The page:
[Date Prev][Date Next][Thread Prev][Thread Next][Date Index][Thread Index]
Licenses (was: Is Linuxgames still alive?)
Dan Kegel wrote:
>Bert Peers schrieb:
You're using German preferences? ;)
>My company, Activision, is considering going open source
>with this library. We haven't picked the license terms yet.
>I'm leaning towards the Mozilla Public
>License, because the company does want to be able to
>offer an unencumbered version of the library
>to companies that can't deal with GPL / don't want to
>publish their games' sources.
>Bert, do you think that's the right license?
GPL surely isn't the right license for it as it requires that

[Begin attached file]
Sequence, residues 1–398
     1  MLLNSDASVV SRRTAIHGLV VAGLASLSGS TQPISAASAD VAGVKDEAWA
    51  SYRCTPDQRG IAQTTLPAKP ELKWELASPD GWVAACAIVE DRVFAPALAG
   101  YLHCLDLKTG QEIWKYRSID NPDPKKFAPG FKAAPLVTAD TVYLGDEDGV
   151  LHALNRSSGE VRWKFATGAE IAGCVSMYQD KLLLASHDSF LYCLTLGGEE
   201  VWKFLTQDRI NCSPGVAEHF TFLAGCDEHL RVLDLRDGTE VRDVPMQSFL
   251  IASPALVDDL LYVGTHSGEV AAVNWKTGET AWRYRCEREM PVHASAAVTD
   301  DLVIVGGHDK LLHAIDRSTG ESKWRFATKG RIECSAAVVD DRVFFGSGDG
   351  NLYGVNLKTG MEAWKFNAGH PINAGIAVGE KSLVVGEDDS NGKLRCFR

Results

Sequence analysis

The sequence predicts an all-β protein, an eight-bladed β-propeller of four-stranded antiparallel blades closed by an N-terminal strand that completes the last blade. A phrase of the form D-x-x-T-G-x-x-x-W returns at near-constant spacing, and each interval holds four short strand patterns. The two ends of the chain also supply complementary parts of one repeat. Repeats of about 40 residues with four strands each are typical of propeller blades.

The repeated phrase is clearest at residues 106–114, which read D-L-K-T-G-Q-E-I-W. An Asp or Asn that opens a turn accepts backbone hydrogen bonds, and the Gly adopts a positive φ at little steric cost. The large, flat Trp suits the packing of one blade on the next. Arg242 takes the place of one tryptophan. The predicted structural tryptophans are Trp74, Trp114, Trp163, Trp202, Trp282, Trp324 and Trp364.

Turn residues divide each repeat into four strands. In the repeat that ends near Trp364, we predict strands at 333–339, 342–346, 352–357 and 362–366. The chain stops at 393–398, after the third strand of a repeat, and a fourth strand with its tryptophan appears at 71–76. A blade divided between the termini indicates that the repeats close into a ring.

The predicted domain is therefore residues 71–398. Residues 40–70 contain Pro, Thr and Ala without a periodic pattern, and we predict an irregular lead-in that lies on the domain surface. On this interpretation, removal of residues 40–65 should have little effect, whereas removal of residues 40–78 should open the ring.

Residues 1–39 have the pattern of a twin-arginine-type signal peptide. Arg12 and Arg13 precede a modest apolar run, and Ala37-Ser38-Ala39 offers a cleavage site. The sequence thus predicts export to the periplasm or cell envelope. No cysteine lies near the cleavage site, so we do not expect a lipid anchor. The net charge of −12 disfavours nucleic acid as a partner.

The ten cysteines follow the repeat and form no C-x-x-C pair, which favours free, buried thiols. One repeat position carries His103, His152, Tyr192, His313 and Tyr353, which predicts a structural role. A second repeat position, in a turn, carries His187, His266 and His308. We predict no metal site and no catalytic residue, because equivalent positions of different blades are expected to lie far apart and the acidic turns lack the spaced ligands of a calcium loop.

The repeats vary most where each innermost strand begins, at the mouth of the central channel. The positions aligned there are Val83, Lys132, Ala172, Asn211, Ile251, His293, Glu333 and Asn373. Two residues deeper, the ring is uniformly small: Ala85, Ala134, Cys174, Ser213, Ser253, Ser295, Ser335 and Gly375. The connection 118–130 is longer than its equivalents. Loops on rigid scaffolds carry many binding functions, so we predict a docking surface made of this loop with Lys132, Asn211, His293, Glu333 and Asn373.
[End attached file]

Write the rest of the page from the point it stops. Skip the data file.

almost everything coming in contact with the GPLed code has to be GPLed
too. That's usually no option for commercial game people.
BSD licensing is perhaps the freest - you can do almost anything with BSDed
code. But you might see it as drawback that it also allows that someone
takes your code, makes a proprietary product out of it and sells it.
LGPL is a mix between the above two. It requires that all changes to the
*library* (i.e. the LGPLed code) have to be LGPLed too (that's fine as you
want to see the lib evolve), but doesn't pose restrictions on the license of
apps *linked to* the lib, i.e. the library will be free (GPL-like), but the
games using it can be closed-source and purely commercial "as usual".
The LGPL however has an IMHO serious problem - I read it several times and
I still don't really understand it :(
Well, I think the MozPL is really the best for you. It's a bit more free
than the LGPL and certainly easier to understand ;)
Hope that helps
if (1==1.003) printf ("Pentium detected!\n");